18 August 2008

What I Learned in California

With the words of Muhhamad in mind ("Don't tell me how educated you are, tell me how much you have travelled"), here's what I learned during the last three weeks in the Bay Area and LA.

  • The University of California Museum of Paleontology is much, much more than just a pretty website.
  • Squirrel fossils are less common than you might think if you looked only at the Oregon and Washington collections.
  • You should never try to go to the De Young Museum on a summer weekend.  The Palace of the Legion of Honor, however, is well worth the trip: it has free organ concerts some afternoons, an odd but interesting penchant for juxtaposing Rodin and Dale Chihuly, and perhaps the best view of the Golden Gate Bridge in San Francisco.
  • Monkey Head Ale is shockingly drinkable given its alcohol content, and the Triple Rock brewpub is a dead ringer for Seattle's Big Time Brewery, minus the shuffleboard tables in the back room.
  • Berkeley does monumental architecture very well.  Santa Cruz does landscaping very well (hard not to when your campus is literally in the middle of a redwood forest).  USC...not so much.
  • A distant relative of mine was honored by having a fossil dog from the La Brea tar pits named after him: Canis orcutti.  The relative in question was William Warren Orcutt, an oil man who, among other things, discovered the first fossils at La Brea and was also the namesake for Orcutt, California.  Sadly, C. orcutti has since been lumped into the species C. latrans, the coyote.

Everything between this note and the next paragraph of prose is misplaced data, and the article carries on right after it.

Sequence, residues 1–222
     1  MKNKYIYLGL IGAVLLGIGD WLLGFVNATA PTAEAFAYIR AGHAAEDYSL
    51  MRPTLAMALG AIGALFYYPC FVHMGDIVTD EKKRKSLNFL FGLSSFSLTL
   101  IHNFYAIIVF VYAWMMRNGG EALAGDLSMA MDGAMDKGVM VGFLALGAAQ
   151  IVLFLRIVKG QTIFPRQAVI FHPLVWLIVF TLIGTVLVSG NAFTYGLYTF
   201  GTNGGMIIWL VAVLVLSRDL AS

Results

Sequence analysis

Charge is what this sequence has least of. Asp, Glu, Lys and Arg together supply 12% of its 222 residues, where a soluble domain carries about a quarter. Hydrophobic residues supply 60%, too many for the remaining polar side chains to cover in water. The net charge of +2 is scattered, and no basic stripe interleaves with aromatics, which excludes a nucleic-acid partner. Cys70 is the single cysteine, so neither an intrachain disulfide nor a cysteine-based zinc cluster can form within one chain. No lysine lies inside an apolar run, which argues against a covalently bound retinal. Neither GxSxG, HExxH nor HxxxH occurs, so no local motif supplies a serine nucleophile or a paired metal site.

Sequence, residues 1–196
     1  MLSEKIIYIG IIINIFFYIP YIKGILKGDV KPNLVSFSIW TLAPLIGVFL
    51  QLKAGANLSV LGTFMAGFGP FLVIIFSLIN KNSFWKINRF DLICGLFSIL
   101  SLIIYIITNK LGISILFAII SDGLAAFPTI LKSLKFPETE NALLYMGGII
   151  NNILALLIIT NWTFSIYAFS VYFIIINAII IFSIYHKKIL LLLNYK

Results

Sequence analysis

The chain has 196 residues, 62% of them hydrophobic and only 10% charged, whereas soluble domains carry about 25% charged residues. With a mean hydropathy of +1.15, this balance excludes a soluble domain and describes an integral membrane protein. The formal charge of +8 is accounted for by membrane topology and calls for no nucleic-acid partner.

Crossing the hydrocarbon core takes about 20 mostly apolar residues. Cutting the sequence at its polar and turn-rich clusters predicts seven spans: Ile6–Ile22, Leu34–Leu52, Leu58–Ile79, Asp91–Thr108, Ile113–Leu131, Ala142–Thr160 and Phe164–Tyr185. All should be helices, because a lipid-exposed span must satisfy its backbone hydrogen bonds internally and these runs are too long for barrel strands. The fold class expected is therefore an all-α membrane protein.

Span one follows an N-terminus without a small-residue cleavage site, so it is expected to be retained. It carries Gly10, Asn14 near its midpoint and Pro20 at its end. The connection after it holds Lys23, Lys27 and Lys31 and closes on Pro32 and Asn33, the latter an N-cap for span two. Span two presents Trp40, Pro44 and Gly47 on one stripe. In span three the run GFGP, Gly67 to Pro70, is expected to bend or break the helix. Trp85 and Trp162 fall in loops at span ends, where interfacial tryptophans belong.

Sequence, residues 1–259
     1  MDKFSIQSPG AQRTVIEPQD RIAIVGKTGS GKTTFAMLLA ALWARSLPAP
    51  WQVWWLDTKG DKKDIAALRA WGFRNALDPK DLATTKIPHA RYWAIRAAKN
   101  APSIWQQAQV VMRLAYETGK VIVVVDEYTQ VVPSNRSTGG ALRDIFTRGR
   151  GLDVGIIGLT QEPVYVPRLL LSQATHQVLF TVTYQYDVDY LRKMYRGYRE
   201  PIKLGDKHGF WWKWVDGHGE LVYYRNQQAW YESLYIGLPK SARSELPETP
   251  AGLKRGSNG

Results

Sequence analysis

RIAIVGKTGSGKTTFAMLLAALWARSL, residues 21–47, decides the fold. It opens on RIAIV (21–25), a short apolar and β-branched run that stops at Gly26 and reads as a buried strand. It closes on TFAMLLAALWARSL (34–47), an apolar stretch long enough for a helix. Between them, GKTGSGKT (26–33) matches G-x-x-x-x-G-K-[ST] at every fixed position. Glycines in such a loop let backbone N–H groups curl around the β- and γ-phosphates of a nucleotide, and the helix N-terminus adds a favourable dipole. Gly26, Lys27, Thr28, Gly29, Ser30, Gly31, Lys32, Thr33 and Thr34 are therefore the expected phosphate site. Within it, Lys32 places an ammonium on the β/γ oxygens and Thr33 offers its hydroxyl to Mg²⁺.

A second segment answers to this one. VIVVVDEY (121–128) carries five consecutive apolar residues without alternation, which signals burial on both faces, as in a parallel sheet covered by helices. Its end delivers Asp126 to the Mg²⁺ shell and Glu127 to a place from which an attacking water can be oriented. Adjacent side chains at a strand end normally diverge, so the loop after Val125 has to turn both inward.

• If you can only visit one of the California missions, it should be La Purísima, near Lompoc.  If you can visit a second, it should be Santa Barbara, because that's probably what heaven looks like.
  • The San Bernardino County Museum has a surprisingly good fossil collection, but you have to really want to get there.
  • LA remains a sprawling, polluted tumor of a city that guzzles up water and power at an alarming rate.  That said, it does have a larger number of things going for it than I'd previously appreciated.
-It has a trio of art museums (The Getty Center, The Norton Simon Museum, and the LA County Museum of Art) that, while they may not rival Madrid's 'Golden Triangle' are as good as anything on this continent and the equal of many European cities.
-The Getty Center is as ethereally gorgeous in the evening as it is at midday.
-LA rapid transit has gotten significantly better with the construction of many light rail lines, though people still tended to look at me funny when I said I was taking the train in to the natural history museum every day.
-Speaking of the natural history museum, it's fantastic, if a bit dated in places (though really, that's what I liked about it; more about that in a later post).
-Pasadena is gorgeous and is a shining example of what the region could - and probably should - be, though one wonders how much longer they'll be able to keep it so green.
-Union Station is really cool and, incidentally, an exemplary transit hub.
-The Griffith Observatory is great regardless of whether you like sweeping views, Art Deco architecture, astronomy, or free museums.

  • Merychippus gets old very quickly, especially when it's not identified down to the species level.
  • Driving all the way up the Central Valley is more of an ordeal than you might expect, not just because it's really flat and boring, but because there's a decent chance traffic will be stopped by a wildfire on the median.

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